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© Author(s) 2019. This work is distributed under
the Creative Commons Attribution 4.0 License.
© Author(s) 2019. This work is distributed under
the Creative Commons Attribution 4.0 License.

Submitted as: research article 22 Jul 2019

Submitted as: research article | 22 Jul 2019

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This discussion paper is a preprint. It is a manuscript under review for the journal Atmospheric Chemistry and Physics (ACP).

Why models perform differently on particulate matter over East Asia? – A multi-model intercomparison study for MICS-Asia III

Jiani Tan1, Joshua S. Fu1, Gregory R. Carmichael2, Syuichi Itahashi3, Zhining Tao4, Kan Huang1,5, Xinyi Dong1, Kazuyo Yamaji6, Tatsuya Nagashima7, Xuemei Wang8, Yiming Liu8, Hyo-Jung Lee9, Chuan-Yao Lin10, Baozhu Ge11, Mizuo Kajino12, Jia Zhu11, Meigen Zhang11, Liao Hong13, and Zifa Wang11 Jiani Tan et al.
  • 1Department of Civil and Environmental Engineering, University of Tennessee, Knoxville, TN, 37996, USA
  • 2Center for Global and Regional Environmental Research, University of Iowa, Iowa City, IA, 52242
  • 3Central Research Institute of Electric Power Industry, Abiko, Chiba, 270-1194, Japan
  • 4Universities Space Research Association, Columbia, MD, 21046, USA
  • 5Department of Environmental Science and Engineering, Fudan University, Shanghai, 200433, China
  • 6Graduate School of Maritime Sciences, Kobe University, Kobe, Hyogo, 658-0022, Japan
  • 7National Institute for Environmental Studies, Tsukuba, Ibaraki, 305-8506, Japan
  • 8Institute for Environment and Climate Research, Jinan University, Guangzhou, 511443, China
  • 9Department of Atmospheric Sciences, Pusan National University, Busan, 609-735, South Korea
  • 10Research Center for Environmental Changes Academia Sinica, 11529, Taiwan
  • 11Institute of Atmospheric Physics, Chinese Academy of Science, 100029, China
  • 12Meteorological Research Institute, Japan Meteorological Agency, 305-0052, Japan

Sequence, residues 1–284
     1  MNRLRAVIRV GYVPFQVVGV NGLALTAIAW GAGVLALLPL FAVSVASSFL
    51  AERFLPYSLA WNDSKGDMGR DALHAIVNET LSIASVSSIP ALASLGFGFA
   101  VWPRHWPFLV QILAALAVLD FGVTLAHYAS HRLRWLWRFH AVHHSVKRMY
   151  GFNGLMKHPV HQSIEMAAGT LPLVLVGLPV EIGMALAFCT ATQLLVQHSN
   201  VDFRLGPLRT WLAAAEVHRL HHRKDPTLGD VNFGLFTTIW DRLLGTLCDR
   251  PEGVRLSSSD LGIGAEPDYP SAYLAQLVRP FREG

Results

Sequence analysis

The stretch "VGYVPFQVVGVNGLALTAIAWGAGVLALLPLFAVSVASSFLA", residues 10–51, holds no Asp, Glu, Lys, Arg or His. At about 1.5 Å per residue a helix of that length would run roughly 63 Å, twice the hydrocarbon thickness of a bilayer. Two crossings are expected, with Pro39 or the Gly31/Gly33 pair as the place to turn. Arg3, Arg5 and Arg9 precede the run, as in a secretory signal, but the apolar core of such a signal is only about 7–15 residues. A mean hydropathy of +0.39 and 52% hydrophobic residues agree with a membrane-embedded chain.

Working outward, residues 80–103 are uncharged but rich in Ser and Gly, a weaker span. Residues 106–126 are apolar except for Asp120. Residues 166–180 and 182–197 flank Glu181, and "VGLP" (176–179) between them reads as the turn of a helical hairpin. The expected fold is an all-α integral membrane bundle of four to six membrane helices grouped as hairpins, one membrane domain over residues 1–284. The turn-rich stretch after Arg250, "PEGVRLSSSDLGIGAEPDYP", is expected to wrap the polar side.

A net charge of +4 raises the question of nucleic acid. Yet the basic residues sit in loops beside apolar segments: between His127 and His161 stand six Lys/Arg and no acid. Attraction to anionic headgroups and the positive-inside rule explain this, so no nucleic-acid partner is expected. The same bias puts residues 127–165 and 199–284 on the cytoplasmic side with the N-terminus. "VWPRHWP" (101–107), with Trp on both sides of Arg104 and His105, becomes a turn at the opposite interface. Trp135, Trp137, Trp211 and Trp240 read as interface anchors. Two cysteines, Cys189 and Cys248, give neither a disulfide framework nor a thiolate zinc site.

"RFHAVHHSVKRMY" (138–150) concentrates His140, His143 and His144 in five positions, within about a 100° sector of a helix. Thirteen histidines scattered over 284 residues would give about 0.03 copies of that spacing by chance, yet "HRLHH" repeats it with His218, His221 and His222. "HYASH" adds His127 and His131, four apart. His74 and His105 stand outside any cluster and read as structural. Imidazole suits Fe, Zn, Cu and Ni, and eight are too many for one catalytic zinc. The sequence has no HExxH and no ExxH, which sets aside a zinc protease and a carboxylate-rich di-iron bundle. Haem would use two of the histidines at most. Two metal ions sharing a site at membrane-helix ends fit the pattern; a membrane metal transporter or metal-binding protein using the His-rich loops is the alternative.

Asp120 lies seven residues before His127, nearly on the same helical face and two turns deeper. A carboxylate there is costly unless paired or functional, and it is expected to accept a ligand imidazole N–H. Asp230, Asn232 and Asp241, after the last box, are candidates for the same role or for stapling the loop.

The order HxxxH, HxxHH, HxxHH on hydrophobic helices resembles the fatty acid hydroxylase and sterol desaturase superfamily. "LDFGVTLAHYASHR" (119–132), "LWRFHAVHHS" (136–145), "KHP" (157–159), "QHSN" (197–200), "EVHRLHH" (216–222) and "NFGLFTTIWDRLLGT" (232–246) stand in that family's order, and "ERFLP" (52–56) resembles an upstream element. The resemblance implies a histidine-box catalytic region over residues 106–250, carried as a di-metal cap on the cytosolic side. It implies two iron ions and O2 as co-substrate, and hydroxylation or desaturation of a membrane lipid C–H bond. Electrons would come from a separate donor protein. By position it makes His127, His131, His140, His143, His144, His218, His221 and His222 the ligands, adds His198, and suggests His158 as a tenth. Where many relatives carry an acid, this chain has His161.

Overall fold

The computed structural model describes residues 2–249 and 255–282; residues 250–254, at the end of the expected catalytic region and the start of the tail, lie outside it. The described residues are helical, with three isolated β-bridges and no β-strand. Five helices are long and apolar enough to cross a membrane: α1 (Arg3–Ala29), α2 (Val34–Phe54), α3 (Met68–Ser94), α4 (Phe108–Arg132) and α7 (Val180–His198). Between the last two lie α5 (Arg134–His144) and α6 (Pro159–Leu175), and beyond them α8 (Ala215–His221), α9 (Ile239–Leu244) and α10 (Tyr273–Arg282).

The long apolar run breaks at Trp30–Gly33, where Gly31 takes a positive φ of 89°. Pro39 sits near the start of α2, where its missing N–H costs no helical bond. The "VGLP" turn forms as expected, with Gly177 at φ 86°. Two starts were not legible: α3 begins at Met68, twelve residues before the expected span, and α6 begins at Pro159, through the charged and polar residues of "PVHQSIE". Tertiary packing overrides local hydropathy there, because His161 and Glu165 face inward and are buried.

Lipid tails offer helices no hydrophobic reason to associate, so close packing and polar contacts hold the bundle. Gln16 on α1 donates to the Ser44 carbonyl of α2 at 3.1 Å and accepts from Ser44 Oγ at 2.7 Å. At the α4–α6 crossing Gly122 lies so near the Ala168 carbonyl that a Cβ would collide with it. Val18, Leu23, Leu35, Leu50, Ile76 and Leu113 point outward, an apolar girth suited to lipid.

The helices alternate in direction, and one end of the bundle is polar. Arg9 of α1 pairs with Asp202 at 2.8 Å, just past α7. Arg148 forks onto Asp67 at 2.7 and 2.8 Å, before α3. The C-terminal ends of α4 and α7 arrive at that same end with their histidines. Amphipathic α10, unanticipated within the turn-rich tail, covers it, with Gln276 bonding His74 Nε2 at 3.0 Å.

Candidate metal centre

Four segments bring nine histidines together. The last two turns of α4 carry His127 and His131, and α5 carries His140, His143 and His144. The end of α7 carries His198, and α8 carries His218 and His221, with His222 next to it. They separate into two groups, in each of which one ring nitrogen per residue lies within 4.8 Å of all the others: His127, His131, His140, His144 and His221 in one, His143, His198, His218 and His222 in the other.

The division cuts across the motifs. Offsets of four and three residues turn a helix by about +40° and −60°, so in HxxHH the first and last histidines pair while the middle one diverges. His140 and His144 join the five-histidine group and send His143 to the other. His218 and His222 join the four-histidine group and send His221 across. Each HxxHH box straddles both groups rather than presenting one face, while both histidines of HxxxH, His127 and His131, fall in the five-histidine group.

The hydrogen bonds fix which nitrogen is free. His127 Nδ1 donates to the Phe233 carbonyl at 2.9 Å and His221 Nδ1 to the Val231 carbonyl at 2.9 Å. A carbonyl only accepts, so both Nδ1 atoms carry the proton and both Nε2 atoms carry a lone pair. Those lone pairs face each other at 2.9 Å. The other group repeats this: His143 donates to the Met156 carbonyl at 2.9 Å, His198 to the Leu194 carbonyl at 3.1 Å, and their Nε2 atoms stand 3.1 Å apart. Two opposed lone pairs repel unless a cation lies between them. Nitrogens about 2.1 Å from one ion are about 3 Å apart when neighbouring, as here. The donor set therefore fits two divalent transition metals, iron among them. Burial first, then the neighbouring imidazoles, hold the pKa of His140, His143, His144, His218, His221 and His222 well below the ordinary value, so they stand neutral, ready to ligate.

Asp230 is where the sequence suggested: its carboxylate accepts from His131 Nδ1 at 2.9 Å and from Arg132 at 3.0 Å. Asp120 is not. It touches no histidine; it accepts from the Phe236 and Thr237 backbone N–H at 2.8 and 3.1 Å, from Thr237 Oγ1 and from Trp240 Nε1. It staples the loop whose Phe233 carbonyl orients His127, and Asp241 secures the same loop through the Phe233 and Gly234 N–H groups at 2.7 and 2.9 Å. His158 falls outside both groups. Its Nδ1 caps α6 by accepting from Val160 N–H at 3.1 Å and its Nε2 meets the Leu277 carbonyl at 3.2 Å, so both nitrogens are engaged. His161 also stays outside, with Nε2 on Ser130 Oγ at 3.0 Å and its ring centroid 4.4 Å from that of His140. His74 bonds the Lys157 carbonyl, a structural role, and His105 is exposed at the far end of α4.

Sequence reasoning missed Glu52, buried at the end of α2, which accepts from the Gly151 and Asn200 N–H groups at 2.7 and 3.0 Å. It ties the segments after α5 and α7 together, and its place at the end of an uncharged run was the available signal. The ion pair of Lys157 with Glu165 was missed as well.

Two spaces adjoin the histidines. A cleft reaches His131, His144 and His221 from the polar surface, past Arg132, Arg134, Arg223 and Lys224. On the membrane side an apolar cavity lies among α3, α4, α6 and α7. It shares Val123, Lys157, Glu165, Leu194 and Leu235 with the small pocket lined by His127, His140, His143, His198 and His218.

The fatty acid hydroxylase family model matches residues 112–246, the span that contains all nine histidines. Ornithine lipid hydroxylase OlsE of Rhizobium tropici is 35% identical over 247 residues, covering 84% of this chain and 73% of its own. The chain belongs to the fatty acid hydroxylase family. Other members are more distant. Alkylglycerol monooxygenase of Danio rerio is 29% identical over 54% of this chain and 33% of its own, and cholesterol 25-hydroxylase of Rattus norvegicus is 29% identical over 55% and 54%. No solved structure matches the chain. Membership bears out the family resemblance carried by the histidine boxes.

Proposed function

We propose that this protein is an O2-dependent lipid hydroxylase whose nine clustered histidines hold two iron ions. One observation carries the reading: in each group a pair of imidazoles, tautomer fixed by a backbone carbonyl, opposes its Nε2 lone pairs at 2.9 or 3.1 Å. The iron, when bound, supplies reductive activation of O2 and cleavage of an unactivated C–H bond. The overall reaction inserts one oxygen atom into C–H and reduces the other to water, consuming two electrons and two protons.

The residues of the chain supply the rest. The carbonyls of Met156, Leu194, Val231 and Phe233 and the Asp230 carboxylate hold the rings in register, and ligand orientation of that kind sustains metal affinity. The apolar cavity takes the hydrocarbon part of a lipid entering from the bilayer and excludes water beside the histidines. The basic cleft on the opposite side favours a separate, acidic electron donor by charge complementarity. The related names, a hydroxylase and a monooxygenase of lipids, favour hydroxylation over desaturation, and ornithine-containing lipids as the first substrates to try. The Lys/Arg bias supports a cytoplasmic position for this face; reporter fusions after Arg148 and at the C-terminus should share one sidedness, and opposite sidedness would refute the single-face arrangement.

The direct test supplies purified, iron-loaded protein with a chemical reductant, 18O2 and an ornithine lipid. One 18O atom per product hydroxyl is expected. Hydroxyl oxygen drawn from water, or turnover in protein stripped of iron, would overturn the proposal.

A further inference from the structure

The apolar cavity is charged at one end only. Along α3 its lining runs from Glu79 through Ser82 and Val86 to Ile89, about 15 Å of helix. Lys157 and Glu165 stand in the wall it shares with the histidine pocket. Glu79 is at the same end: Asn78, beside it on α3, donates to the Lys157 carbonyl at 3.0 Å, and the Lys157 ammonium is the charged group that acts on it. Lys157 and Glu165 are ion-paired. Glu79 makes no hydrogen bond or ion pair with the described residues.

• 13School of Environmental, Science and Engineering, Nanjing University of Information Science & Technology, Nanjing, 210044, China

Abstract. This study compares the performances of twelve regional chemical transport models (CTM) from the third phase of Model Inter-Comparison Study for Asia (MICS-Asia III) on simulating the particulate matter (PM) over East Asia (EA) in 2010. The participating models include WRF-CMAQ (v4.7.1 and v5.0.2), WRF-Chem (v3.6.1 and v3.7.1), GEOS-Chem, NHM-Chem, NAQPMS and NU-WRF. Evaluations with ground measurements and satellite data show that the mean biases of multi-model mean (MMM) are −25 µg m−3 (−30 %), −7 µg m−3 (−15 %). −0.7 µg m−3 (−19 %), −0.05 µg m−3 (−3 %) and 0.1 µg m−3 (12 %) for surface PM10, PM2.5, SO42−, NO3 and NH4+ concentrations, respectively. This study investigates four model processes as the possible reasons for different model performances on PM: (1) Using different natural emissions (i.e. dust and sea-salt emissions) brings upmost 0.25 µg m−3 (70 %) of inter-model differences to domain-average black carbon concentrations at surface layer and 756 ppb (22 %) of inter-model differences to domain-average CO column. Adopting different initial/boundary conditions results in 10–20 % differences in PM concentrations in the center of the simulation domain. (2) Models perform very differently in the gas-particle conversion of sulphur (S) and oxidized nitrogen (N). The model differences in sulphur oxidation ratio (50 %) is of the same magnitude as that in SO42− concentrations. The gas-particle conversion is one the main reasons for different model performances on fine mode PM. (3) Models without dust emissions/modules can perform well on PM10 at non-dust-affected sites, but largely underestimate (upmost 50 %) the PM10 concentrations at dust sites. The implementation of dust emissions/modules in models has largely improved the model accuracies at dust sites (reduce model bias to −20 %). However, both the magnitudes and distributions of dust pollutions are not fully captured. (4) The amounts of modelled depositions vary among models by 75 %, 39 %, 21 % and 38 % for S wet, S dry, N wet and N dry depositions, respectively. Large inter-model differences are found in the washout ratios of wet deposition (at most 170 % in India) and dry deposition velocities (general 0.3–2 cm s−1 differences over inland regions). This study investigates the reasons for different model performances on PM over EA and offers suggestions for future model development.

Jiani Tan et al.
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Short summary
This study evaluated the performances of twelve chemical transport models from MICS-Asia III on predicting the particulate matter (PM) over East Asia. Four model processes were investigated as the possible reasons for model bias with measurements and the factors causing inconsistent predictions of PM from different models: (1) model inputs (2) gas-particle conversion (3) dust emissions and modules (4) removal mechanisms – wet and dry depositions. The influence of each process was discussed.
This study evaluated the performances of twelve chemical transport models from MICS-Asia III on...